Archive

Archive for the ‘Regional’ Category

[ Tar Sands ] On the Great Lakes

December 2nd, 2010 No comments

via [ Sierra Club ] Toxic Tar Sands: Indiana

Carolyn Marsh, Whiting Indiana

Carolyn Marsh’s house in Whiting, Indiana, just southeast of Chicago, sits within walking distance of both Lake Michigan and the BP Whiting Refinery. One is beautiful and the other, Marsh says, looks like “a death trap zone.” Now BP is pushing to expand the capacity of its refinery to process tar sands crude.

The synthetic heavy crude produced from tar sands is laden with more toxins than conventional oil. If the expansion goes through, people like Marsh, who live in the shadow of these refineries, will face increased exposure to heavy metals, sulfur, and carcinogens like benzene.

After learning of BP’s plans to pump tar sands pollution into the air and her community, Marsh was galvanized to action. She joined a legal challenge to the oil giant’s air permit.

Marsh believes BP’s permit application dramatically underestimates the potential air pollution from their tar sands expansion. The company understated the amount of toxic gases vented from flares, claiming they would only be released occasionally. But flaring will only increase as the refinery handles more of the world’s dirtiest oil.

Flaring is only one part of the refinery’s massive polluting process, and air pollution is not the only threat that Marsh fears from the tar sands expansion.

“We don’t want Lake Michigan to become another oil industry sacrifice zone. Quality of life here in Indiana should not suffer for foreign oil profits.”

The refinery is already one of the largest sources of mercury pollution in Lake Michigan. Mercury is a

Tar sands crude spells disaster for clean water in every step of its life cycle. If tar sands operations continue to expand in America, Lake Michigan will be exposed to the same types of contamination spreading through the once pristine water sources along the Athabasca River in Alberta, where tar sands are mined.

A recent study published by leading Canadian scientists found elevated concentrations of toxic heavy metals including arsenic, lead and mercury around and downstream from tar sands mining operations, suggesting a strong correlation between tar sands mining and toxic discharges to water resources.These poisonous impurities are released in refining as well, and discharges from BP’s tar sands expansion will bring the pollution of the Athabasca directly to Lake Michigan.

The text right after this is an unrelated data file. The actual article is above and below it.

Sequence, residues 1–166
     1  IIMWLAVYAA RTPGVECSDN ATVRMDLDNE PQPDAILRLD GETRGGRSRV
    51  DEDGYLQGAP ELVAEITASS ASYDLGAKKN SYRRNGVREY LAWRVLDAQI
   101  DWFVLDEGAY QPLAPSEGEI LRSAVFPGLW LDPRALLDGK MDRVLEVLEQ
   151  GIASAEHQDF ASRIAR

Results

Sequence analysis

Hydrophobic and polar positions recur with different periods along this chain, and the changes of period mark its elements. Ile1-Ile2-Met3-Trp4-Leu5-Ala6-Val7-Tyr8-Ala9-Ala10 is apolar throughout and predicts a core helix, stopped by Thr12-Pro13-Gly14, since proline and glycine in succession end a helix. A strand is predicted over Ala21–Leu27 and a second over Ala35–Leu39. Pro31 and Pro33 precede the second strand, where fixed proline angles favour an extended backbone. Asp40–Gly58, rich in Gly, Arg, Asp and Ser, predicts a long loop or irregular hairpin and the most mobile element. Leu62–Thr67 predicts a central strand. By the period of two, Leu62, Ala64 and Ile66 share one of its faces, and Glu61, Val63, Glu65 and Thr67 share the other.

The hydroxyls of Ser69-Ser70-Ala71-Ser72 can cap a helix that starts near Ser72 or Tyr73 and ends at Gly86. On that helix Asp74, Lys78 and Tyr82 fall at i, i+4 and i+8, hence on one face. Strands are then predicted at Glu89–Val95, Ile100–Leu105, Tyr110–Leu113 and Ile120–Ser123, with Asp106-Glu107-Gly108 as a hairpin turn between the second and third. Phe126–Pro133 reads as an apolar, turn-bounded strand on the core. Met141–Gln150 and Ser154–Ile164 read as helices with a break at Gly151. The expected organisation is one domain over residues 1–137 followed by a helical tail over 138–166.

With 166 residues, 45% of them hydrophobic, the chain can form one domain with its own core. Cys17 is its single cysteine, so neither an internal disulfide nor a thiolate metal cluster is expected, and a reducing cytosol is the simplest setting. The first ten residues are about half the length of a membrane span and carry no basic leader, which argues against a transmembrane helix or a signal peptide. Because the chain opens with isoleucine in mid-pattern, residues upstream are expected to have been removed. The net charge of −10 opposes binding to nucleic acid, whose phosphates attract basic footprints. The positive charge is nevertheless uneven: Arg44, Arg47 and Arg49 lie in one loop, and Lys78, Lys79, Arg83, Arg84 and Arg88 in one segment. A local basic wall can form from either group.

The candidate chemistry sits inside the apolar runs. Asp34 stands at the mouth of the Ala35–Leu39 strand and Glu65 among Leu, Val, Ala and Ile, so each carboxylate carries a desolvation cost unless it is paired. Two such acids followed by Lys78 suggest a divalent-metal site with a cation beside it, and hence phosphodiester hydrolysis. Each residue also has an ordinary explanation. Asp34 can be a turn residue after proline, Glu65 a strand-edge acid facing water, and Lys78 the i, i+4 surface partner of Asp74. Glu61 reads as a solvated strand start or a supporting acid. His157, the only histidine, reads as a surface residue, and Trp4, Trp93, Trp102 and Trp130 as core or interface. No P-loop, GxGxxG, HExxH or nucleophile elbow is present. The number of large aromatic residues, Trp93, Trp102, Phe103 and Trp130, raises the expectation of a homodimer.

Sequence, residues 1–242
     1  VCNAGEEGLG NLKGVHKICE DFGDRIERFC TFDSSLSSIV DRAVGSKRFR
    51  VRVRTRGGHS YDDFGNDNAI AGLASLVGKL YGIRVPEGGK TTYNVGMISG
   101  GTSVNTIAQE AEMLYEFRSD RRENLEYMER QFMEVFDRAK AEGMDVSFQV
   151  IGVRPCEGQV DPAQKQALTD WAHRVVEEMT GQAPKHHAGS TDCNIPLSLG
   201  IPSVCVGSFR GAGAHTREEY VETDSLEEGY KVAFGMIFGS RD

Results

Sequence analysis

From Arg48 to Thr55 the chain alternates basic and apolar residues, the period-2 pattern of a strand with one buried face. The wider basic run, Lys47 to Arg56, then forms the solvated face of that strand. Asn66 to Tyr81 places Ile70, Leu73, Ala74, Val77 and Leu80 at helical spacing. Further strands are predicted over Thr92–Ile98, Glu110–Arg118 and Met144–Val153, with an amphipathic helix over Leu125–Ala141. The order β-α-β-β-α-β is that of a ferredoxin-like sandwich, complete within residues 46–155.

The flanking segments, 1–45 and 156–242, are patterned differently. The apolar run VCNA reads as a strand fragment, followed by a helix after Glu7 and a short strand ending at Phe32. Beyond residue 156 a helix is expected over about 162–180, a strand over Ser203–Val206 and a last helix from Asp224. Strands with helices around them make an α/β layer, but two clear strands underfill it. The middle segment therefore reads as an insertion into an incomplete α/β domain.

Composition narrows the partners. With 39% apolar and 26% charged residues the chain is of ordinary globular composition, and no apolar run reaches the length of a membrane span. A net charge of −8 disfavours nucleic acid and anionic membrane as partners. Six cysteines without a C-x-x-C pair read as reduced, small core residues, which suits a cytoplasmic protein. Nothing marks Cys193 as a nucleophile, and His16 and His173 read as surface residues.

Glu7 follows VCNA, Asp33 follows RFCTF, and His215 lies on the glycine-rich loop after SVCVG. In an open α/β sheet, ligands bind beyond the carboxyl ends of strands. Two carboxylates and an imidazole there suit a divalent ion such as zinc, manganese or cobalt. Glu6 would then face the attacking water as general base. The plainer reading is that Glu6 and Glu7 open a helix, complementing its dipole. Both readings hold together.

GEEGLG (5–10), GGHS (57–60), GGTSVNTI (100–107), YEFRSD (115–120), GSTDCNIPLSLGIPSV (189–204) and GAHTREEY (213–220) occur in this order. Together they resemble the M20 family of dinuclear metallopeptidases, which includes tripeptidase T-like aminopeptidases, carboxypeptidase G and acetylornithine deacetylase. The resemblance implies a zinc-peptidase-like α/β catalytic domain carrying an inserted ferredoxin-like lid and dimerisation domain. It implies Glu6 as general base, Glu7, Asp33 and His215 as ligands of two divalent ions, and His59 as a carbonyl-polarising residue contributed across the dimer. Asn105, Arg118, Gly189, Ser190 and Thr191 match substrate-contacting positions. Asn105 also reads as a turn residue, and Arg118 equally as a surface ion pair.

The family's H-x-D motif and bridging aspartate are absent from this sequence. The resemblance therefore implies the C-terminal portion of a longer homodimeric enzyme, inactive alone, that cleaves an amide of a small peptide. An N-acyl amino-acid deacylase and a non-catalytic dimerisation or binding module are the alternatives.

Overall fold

Marsh believes the citizen struggle to stop the tar sands expansion is her community’s best line of defense, and she has committed to the fight. She has little faith in state regulators, whom she believes are too complicit with toxic conditions created by BP’s refinery. Marsh knows what’s at stake.

Lake Michigan, which provides drinking water for 10 million people, will be exposed to new levels of contamination from particulate emissions and huge increases in ammonia and other discharges into the water from the refinery’s tar sands expansion.potent neurotoxin that causes severe fetal damage, impaired motor function, and kidney and respiratory damage in humans. “We don’t want Lake Michigan to become another oil industry sacrifice zone. Quality of life here in Indiana should not suffer for foreign oil profits,” she says.

Environment: Tom Anderson Resigns

March 24th, 2010 No comments

via [ Post-Trib ]

Save the Dunes executive director Tom Anderson resigns after 20 years with the organization

Categories: Environment, Regional

Panel Discussion: The Invisible Artist – Creators From Chicago’s Southside

April 9th, 2009 2 comments


 

On March 26th the School of the Art Institute held a panel discussion to “address perceptions that artists on Chicago’s South Side are under-known and undervalued or, at worst, intentionally ignored” as Jason Foumberg so aptly states in his piece titled “Why Have There Been No Great South Side Artists?” at Newcity Art.

Panelists included:

  • Andre Guichard, artist and owner of Gallery Guichard
  • Joyce Owens, Chicago State faculty, Art & Design Department
  • Lowell Thompson, artist and writer
  • Natalie Moore, reporter, Chicago Public Radio
  • Patrick Rivers, SAIC faculty, Visual & Critical Studies Department

Living so far south that I inhabit a whole other state (which is still part of Chicago’s Calumet region), my marginal location gives me a very useful perspective on this subject. The subject speaks to the importance of identity and place and the old stories of enfranchisement. And I am very glad it has been brought up. I hope many Artist from Northwest Indiana participate in the ongoing discussions.

A major characteristic of my identity with Chicago growing up on the North Side was what was absent. I had a massive blackhole in my awareness of the city’s South Side. My family took advantage of a few South Side islands such as Hyde Park, China town, and Maxwell Street and I was a Sox fan, besides that I had no other identity with the South Side.